We interrupt this letter to reread and pay homage to the line, “And even if you found yourself in some prison, whose walls let in none of the world’s sound–wouldn’t you still have your childhood, that jewel beyond all price, that treasure house of memories?” Dysfunctional childhoods may lead to best-selling memoirs, but the rest of us can only tip our metaphorical hats to Rilke with that line about childhood being “that jewel beyond all price.” Nothing can be exchanged for the innocence and the freedom, the imagination and the dreams that leaven a healthy childhood.

“And if out of , this turning within, out of this immersion in your own world, poems come, then you will not think of asking anyone whether they are good or not. Nor will you try to interest magazines in these works: for you will see them as your dear natural possession, a piece of your life, a voice from it. A work of art is good if it has arisen out of necessity. That is the only way one can judge it.”

Modern-day poets love the capital-R Romanticism in these lines, but do they truly agree? It seems not. It seems most must be validated by other eyes, especially experienced eyes. Namely, those of editors and critics–the latter a breed Rilke particularly despised.

“So, dear Sir, I can’t give you any advice but this: to go into yourself and see how deep the place is from which your life flows; at its source you will find the answer to, the question of whether you must create. Accept that answer, just as it is given to you, without trying to interpret it. Perhaps you will discover that you are called to be an artist. Then take that destiny upon yourself, and bear it, its burden and its greatness, without ever asking what reward might come from outside. For the creator must be a world for himself and must find everything in himself and in Nature, to whom his whole life is devoted.”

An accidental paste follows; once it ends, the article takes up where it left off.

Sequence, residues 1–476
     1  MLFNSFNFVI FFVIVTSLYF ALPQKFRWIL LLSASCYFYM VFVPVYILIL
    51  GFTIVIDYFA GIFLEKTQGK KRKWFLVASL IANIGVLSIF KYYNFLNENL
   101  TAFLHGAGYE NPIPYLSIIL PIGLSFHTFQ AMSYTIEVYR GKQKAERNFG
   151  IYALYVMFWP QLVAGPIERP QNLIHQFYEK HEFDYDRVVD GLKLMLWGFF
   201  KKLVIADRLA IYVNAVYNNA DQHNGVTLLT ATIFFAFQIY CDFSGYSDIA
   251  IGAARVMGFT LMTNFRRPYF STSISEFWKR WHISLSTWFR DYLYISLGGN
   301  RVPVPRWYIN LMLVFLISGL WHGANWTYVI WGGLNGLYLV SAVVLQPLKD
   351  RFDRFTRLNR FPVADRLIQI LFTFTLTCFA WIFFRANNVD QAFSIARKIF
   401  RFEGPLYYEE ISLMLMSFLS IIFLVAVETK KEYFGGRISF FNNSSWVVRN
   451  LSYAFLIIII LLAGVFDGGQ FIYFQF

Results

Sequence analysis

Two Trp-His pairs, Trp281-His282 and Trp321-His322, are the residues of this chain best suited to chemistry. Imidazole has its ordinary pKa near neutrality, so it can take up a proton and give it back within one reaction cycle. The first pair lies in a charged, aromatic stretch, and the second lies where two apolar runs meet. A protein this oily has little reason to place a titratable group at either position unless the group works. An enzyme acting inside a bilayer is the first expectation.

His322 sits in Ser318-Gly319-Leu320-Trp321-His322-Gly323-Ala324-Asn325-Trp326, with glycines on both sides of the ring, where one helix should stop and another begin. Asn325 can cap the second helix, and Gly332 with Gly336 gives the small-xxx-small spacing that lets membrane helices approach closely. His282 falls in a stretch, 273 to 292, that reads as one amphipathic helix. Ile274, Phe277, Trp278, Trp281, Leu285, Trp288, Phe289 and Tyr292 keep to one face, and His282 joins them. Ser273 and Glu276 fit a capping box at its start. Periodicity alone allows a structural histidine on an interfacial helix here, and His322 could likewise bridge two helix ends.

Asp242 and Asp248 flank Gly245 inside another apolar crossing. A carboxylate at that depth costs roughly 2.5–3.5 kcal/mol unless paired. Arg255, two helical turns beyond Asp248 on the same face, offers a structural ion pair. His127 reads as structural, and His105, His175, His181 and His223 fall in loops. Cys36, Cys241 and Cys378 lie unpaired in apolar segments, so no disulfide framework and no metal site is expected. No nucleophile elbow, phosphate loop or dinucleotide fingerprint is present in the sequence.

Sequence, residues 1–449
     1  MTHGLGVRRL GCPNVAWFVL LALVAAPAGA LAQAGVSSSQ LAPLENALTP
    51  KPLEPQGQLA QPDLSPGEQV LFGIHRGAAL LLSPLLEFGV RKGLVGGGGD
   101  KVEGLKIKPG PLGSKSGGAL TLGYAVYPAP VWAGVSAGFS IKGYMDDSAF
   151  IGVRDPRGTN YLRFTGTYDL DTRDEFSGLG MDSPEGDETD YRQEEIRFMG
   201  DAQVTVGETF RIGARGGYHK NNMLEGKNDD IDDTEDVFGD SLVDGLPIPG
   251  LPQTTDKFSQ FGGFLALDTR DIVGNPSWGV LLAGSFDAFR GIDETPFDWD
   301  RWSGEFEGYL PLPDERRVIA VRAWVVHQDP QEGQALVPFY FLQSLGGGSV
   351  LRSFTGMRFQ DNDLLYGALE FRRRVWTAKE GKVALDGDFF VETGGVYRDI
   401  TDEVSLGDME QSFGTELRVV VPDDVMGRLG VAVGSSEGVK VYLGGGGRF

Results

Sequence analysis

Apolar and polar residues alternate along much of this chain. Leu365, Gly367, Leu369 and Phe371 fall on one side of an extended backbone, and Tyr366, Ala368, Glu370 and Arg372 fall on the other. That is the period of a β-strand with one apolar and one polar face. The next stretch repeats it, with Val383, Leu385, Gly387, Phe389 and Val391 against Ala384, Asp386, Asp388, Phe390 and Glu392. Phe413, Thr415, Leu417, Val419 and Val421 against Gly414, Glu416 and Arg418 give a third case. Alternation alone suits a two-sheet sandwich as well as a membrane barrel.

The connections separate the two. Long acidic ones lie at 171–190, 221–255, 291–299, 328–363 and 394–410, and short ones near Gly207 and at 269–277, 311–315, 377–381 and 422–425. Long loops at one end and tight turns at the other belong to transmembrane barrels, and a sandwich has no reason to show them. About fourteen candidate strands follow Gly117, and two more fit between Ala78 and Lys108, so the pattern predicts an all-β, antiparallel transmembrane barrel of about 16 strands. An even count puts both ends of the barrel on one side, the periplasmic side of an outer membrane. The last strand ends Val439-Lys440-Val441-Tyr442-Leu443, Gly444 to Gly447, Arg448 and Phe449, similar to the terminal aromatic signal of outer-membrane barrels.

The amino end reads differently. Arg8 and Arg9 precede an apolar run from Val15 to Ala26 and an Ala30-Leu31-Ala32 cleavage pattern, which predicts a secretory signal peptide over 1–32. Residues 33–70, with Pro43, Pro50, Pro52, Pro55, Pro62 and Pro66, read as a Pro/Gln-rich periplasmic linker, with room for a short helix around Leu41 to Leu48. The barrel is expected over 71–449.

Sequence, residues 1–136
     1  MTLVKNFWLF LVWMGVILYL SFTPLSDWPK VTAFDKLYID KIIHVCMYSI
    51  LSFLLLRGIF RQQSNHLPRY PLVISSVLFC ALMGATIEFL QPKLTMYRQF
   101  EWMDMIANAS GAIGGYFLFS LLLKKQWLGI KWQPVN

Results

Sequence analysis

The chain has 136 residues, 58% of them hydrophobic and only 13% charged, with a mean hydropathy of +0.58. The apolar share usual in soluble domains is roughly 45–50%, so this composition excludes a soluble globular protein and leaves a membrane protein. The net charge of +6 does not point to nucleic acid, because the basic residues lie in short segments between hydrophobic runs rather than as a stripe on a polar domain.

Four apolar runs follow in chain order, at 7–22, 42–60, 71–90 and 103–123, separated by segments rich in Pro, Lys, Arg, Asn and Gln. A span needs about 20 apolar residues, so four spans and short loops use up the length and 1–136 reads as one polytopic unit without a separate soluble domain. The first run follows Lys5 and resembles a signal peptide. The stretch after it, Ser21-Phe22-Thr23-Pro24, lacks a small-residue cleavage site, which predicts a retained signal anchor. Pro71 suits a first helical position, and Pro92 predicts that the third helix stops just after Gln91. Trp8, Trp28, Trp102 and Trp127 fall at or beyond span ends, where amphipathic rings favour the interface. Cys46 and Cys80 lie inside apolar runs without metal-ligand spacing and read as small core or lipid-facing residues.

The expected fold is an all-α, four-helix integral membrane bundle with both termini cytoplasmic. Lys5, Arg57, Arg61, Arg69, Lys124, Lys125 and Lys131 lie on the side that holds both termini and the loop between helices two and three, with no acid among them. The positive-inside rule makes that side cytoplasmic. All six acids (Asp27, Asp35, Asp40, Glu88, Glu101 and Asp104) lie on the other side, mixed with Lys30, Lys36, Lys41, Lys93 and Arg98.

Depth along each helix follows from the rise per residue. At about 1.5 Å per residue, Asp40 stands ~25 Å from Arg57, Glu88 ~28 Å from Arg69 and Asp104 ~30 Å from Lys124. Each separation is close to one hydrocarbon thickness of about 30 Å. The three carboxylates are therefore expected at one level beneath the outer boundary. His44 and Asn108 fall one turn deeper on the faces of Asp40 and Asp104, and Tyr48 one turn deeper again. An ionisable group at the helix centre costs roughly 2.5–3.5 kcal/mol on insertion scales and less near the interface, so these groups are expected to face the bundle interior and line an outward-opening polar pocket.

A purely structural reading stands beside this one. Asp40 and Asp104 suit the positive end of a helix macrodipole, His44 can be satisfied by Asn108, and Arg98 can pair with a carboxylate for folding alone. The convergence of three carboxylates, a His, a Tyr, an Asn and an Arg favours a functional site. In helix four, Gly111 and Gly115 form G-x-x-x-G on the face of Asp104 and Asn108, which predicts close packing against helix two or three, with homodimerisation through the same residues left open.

In other words, if you find the source of your well and it leads to great art, guard it like a dwarf guards his treasure deep in some cave. If publication and fame come, let them be posthumous.

This hypothetical poet is almost Christ-like in his humility and faith, it would seem. Does he exist in our modern times? And is Rilke himself an example? Rilke met writing fame while alive, after all, so I’m going to go out on a limb and say this was Rilke waxing nostalgic and Romantic in one fell swoop, that writing to a youth attending the same school he once did put him under nostalgia’s spell, bringing to mind, as it did, that “jewel beyond all price,” childhood.

Still, there’s valuable advice here. Go deep. Consider nature (even though it’s out of style in The Age of Identity). Write about the impulses that move you personally. From that, something will resonate for others because we’re all in this together and people are people, no matter what their culture, religion, or time in history.